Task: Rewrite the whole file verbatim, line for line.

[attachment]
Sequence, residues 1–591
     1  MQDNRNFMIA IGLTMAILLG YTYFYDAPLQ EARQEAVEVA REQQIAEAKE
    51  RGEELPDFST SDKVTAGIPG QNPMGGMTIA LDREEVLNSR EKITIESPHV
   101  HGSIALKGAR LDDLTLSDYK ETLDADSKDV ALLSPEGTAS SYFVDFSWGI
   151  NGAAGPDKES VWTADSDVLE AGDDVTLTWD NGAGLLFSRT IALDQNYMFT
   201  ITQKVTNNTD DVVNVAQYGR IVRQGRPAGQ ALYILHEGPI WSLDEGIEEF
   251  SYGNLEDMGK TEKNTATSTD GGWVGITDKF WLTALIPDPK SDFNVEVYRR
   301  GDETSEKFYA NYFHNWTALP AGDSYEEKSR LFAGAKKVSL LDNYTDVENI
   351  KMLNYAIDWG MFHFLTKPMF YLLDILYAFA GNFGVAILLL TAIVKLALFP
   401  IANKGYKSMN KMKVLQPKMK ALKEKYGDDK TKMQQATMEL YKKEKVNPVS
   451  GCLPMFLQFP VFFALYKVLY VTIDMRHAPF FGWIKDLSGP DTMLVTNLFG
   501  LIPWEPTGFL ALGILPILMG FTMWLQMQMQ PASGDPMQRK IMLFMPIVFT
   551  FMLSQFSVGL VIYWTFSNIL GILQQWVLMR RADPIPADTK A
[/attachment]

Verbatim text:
Sequence, residues 1–591
     1  MQDNRNFMIA IGLTMAILLG YTYFYDAPLQ EARQEAVEVA REQQIAEAKE
    51  RGEELPDFST SDKVTAGIPG QNPMGGMTIA LDREEVLNSR EKITIESPHV
   101  HGSIALKGAR LDDLTLSDYK ETLDADSKDV ALLSPEGTAS SYFVDFSWGI
   151  NGAAGPDKES VWTADSDVLE AGDDVTLTWD NGAGLLFSRT IALDQNYMFT
   201  ITQKVTNNTD DVVNVAQYGR IVRQGRPAGQ ALYILHEGPI WSLDEGIEEF
   251  SYGNLEDMGK TEKNTATSTD GGWVGITDKF WLTALIPDPK SDFNVEVYRR
   301  GDETSEKFYA NYFHNWTALP AGDSYEEKSR LFAGAKKVSL LDNYTDVENI
   351  KMLNYAIDWG MFHFLTKPMF YLLDILYAFA GNFGVAILLL TAIVKLALFP
   401  IANKGYKSMN KMKVLQPKMK ALKEKYGDDK TKMQQATMEL YKKEKVNPVS
   451  GCLPMFLQFP VFFALYKVLY VTIDMRHAPF FGWIKDLSGP DTMLVTNLFG
   501  LIPWEPTGFL ALGILPILMG FTMWLQMQMQ PASGDPMQRK IMLFMPIVFT
   551  FMLSQFSVGL VIYWTFSNIL GILQQWVLMR RADPIPADTK A